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  12. Was Aristotle a Particularist?A. W. Price - 2005 - Proceedings of the Boston Area Colloquium of Ancient Philosophy 21:191-212.
     
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  13.  33
    A Quietist Particularism.A. W. Price - 2013 - In David Bakhurst, Margaret Olivia Little & Brad Hooker (eds.), Thinking About Reasons: Themes From the Philosophy of Jonathan Dancy. Oxford University Press. pp. 218.
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  14.  41
    Doubts about Projectivism.A. W. Price - 1986 - Philosophy 61 (236):215 - 228.
    How, in pursuit of ontological neutrality, should one talk about values? I propose to say: there are values. Those three words do nothing to define within what kind of conception of a world values are at home.1 I take it that the ‘realist’ must have more to say about values and their world. I recognize that an ‘anti-realist’ may prefer to talk of value-terms ; I ask him to wait and see whether taking the linguistic turn is the only way (...)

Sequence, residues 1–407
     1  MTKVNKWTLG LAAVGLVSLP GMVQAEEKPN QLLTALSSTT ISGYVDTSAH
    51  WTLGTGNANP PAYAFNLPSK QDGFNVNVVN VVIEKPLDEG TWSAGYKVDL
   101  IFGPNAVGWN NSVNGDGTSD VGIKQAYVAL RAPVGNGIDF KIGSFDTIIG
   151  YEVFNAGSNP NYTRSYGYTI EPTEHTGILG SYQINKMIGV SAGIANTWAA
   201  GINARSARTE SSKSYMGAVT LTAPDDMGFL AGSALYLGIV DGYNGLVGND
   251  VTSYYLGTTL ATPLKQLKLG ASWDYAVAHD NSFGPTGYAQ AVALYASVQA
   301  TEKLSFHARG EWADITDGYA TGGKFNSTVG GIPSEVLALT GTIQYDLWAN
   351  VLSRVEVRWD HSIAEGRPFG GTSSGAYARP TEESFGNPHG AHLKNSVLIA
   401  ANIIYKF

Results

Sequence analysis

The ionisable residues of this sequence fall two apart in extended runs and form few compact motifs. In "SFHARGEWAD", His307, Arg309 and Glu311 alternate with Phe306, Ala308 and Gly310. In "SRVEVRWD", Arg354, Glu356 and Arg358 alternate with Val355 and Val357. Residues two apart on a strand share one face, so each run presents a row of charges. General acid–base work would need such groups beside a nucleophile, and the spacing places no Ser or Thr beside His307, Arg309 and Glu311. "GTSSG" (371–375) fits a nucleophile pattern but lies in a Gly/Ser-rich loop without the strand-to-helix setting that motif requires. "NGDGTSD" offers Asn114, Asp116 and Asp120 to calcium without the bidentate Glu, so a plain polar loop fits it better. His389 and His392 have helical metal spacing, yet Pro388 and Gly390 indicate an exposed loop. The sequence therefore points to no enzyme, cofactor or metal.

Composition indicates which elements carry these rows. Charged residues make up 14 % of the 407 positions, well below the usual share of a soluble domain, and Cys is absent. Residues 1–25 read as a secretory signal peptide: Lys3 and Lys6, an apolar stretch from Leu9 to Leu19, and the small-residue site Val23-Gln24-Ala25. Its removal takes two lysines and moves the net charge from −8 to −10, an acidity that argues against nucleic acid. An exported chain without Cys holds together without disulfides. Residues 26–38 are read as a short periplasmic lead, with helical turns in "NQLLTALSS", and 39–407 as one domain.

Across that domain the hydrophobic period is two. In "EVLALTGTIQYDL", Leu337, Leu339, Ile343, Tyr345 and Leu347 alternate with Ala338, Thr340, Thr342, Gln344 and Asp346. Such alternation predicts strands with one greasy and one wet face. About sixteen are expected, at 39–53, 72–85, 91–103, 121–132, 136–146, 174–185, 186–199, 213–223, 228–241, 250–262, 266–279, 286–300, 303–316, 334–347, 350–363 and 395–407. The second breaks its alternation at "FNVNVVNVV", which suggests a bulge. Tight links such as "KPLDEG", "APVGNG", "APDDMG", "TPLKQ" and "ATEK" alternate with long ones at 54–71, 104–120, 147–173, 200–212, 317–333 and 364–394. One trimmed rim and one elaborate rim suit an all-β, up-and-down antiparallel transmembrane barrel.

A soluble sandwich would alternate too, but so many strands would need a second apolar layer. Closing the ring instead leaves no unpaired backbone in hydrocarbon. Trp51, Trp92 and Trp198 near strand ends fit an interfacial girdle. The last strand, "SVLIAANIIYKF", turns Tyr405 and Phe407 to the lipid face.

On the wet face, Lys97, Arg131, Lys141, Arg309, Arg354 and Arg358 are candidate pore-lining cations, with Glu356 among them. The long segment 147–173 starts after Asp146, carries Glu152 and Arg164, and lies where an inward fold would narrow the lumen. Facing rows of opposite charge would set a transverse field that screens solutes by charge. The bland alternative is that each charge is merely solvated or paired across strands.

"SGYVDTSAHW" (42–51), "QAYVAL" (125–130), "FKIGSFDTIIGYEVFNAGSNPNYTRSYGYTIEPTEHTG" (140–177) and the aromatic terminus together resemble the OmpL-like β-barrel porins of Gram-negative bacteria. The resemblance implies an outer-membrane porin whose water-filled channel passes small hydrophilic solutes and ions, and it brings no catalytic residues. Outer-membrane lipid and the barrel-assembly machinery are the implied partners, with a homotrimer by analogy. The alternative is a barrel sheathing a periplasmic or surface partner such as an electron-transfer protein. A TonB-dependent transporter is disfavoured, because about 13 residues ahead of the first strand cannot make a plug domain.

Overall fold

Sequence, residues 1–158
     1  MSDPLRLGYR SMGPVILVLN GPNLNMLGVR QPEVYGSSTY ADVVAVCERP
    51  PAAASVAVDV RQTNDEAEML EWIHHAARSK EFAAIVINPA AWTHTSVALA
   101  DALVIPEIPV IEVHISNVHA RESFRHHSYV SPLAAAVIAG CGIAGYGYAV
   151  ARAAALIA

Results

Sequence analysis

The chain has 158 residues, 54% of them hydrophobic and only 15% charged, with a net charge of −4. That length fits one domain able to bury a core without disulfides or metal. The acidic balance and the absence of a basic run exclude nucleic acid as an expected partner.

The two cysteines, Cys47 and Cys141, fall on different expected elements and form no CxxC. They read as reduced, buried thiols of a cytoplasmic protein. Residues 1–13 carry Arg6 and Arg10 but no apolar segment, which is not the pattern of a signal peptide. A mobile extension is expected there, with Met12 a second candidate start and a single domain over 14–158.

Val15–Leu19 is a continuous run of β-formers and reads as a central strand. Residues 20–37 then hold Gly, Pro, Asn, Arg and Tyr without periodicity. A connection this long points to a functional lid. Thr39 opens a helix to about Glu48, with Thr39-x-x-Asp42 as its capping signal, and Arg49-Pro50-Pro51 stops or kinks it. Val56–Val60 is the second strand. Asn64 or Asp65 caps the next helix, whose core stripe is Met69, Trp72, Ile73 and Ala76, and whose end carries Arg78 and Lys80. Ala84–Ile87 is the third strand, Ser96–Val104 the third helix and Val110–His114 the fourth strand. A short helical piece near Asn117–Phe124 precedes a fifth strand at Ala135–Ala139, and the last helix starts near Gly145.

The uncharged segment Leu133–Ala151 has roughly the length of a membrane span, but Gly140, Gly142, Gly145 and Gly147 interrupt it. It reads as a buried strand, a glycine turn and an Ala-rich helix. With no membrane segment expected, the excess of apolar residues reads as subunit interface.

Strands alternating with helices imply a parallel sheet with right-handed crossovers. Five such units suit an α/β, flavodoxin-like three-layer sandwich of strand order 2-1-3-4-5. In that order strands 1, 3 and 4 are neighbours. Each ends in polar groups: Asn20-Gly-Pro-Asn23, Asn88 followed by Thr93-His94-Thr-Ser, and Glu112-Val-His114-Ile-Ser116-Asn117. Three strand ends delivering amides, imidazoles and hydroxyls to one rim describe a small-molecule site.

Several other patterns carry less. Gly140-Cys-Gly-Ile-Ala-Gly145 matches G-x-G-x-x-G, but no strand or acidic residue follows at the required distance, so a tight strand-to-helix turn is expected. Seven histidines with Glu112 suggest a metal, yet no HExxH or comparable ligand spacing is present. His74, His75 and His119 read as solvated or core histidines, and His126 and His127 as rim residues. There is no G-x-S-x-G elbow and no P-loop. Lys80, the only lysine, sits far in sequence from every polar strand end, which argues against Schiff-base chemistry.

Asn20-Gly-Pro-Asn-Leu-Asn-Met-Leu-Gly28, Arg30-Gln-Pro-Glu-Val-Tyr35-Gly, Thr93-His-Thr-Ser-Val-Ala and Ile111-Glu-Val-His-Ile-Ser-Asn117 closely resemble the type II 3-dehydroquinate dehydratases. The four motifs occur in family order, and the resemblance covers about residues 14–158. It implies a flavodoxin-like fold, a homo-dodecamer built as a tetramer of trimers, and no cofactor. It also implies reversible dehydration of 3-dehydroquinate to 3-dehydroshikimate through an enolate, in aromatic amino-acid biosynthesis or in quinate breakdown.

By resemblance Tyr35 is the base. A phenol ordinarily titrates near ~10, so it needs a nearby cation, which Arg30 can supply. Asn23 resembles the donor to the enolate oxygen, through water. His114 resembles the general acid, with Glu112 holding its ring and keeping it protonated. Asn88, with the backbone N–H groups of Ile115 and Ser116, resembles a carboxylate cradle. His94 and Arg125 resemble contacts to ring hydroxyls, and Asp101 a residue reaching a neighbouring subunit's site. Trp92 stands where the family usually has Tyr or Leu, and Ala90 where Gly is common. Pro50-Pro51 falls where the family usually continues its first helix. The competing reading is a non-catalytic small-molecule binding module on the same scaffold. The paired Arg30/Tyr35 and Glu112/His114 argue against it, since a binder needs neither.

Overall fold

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  15.  30
    Being Realistic about Reasons, by T. M. Scanlon.A. W. Price - 2016 - Mind 125 (500):1270-1273.
    Being Realistic about Reasons, by ScanlonT. M.. Oxford : Oxford University Press, 2014. Pp. ix + 132.
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  16. Were Zeno and Chysippus at odds in analysing emotion?A. W. Price - 2005 - In Ricardo Salles (ed.), Metaphysics, Soul, and Ethics in Ancient Thought: Themes From the Work of Richard Sorabji. Clarendon Press.
     
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  17.  39
    Aristotle's ethical holism.A. W. Price - 1980 - Mind 89 (355):338-352.
  18. 2 Aristotle, the Stoics and the will.A. W. Price - 2003 - In Thomas Pink & M. W. F. Stone (eds.), The Will and Human Action: From Antiquity to the Present Day. Routledge. pp. 29.
     
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  19.  27
    Friendship and politics.A. W. Price - 1999 - Tijdschrift Voor Filosofie 61 (3):525 - 545.